Player                 G       WS    WSAB    WSAA    WSAS     Pos    Def
Al Lopez             1950     173      46      -9       0     240      B
Bob Boone            2264     210      54     -13       1     240      B

Sim Score:  880

In 1945, Al Lopez set a new career record for games caught. He held that record for more than four decades, longer than any other player. And the man who broke the record? Bob Boone, in 1987.

They’re similar in more ways than that, though. While both had some decent offensive seasons, neither were very good hitters, and they finished with near-identical rate stats (.261/.326/.337 for Lopez, .254/.315/.346 for Boone). They were both pretty solid catchers, though neither was spectacular (James gives both of them B grades for defense). And of course, both had very long careers, 19 seasons apiece.

And when they were done playing, both Lopez and Boone became managers. It’s at this point that their paths diverge. Lopez won more than 1,400 games (never once finishing under .500) and made it into the Hall of Fame (as a manager). Boone, on the other hand, won just 371 games, and his teams never finished over .500.


Larry Gardner and Robin Ventura

Player                 G       WS    WSAB    WSAA    WSAS     Pos    Def
Larry Gardner        1923     258     117      57      10      84     B+
Robin Ventura        2079     272     120      56       7      84     A-

Sim Score:  940

Left-handed-hitting third basemen are a rarity, of course, and we’ve explored previously how these two rank high among the very best of this unusual breed.

Neither Gardner nor Ventura was quite a star hitter, but each was a sound, consistent producer with the bat: Gardner’s career OPS+ was 109, Ventura’s 114. Quite like Roush and Edmonds, each of these two delivered his better-than-average offense in the mode typical of his era, Gardner as a contact-focused line-drive hitter, Ventura as an uppercutting power hitter a bit prone to the strikeout.

Both Gardner and Ventura were considered among the best-fielding third basemen of their time: Ventura won six Gold Gloves, and had the award been around in Gardner’s day he surely would have bagged several as well. Both were quiet, steady “solid pro” types, whose all-around talent was geared more toward winning ball games than grabbing headlines. Both changed teams a couple of times in mid-career, helping to lower their profile within the lore of any particular franchise.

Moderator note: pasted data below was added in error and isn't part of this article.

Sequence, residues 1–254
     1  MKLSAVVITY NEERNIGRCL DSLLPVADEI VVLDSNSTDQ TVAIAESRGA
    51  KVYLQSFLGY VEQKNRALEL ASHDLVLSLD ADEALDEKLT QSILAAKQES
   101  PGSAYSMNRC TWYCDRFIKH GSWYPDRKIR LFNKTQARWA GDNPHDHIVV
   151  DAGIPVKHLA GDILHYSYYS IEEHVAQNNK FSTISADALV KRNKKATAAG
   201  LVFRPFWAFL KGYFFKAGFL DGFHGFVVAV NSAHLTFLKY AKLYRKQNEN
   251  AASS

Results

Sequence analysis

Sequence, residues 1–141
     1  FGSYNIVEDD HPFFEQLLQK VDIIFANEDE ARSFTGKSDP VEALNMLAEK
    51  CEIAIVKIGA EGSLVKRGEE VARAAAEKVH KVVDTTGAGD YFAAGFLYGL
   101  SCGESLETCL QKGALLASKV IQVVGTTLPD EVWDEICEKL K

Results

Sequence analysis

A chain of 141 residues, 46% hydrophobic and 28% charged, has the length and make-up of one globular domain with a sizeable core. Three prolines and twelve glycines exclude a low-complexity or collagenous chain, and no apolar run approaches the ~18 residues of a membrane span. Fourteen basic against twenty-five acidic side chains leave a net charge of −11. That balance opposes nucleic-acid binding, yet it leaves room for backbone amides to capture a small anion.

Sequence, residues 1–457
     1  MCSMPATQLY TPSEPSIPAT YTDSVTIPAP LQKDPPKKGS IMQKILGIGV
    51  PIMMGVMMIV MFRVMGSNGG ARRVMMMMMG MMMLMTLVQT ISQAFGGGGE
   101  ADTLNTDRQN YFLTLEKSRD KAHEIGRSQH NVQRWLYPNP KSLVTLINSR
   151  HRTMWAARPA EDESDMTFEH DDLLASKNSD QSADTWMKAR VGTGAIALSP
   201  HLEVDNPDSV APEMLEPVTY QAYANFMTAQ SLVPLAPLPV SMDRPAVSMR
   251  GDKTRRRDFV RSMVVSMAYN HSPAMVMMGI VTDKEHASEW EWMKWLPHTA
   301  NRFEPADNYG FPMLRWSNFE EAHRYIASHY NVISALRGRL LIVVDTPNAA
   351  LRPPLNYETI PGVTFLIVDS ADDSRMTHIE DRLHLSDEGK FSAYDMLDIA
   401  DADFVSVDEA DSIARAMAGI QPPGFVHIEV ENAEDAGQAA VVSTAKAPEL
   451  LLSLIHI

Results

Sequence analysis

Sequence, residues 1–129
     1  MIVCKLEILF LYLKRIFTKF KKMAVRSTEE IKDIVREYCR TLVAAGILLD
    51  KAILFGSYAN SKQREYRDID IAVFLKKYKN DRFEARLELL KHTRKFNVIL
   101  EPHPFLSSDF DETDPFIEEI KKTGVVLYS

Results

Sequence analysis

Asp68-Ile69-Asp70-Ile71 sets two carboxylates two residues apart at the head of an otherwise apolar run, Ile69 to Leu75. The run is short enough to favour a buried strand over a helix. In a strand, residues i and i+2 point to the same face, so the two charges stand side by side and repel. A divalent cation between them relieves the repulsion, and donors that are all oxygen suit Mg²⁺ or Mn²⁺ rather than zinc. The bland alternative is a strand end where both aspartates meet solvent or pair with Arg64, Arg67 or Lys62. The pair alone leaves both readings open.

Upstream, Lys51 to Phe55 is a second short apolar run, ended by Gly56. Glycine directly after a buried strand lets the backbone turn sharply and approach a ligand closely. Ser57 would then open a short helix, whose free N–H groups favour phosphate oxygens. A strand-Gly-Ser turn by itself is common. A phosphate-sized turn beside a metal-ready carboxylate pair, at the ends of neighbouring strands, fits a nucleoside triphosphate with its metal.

References & Resources
The similarity scores used above are calculated as follows:

Factor 1: 0.2 times the absolute value of the difference between each player’s career Games Played.

Factor 2: 1 times the absolute value of the difference between each player’s career Win Shares (WS)

Factor 3: 1.33 times the absolute value of the difference between each player’s career Win Shares Above Bench (WSAB).

Factor 4: 1.66 times the absolute value of the difference between each player’s career Win Shares Above Average (WSAA).

Factor 5: 3 times the absolute value of the difference between each player’s All-Star Win Shares (WSAS).

Factor 6: 1 times the absolute value of the difference between each player’s Position value. Position values are as follows (taken directly from Bill James’ original Similarity Scores system, which is also used at Baseball-Reference.com):

C: 240
1B: 12
2B: 132
3B: 84
SS: 168
OF: 48

Next, we simply add together all six factors and subtract from 1000. The higher the score, the higher the similarity.

Finally, a very brief explanation of the various forms of Win Shares used here: One Win Share equals 1/3 of a win. The methodology for calculating Win Shares is outlined in the book Win Shares, by Bill James and Jim Henzler. Win Shares Above Average (WSAA) compares a given player’s Win Shares to an average player, given the same amount of playing time. Win Shares Above Bench (WSAB) compares a given player’s Win Shares to a “bench” player (i.e. 0.7 times an average player); All-Star Win Shares (WSAS) compares the player to an “All-Star” (i.e. 1.5 times an average player). WSAA and WSAB can be either positive or negative; WSAS is counted only when it is positive.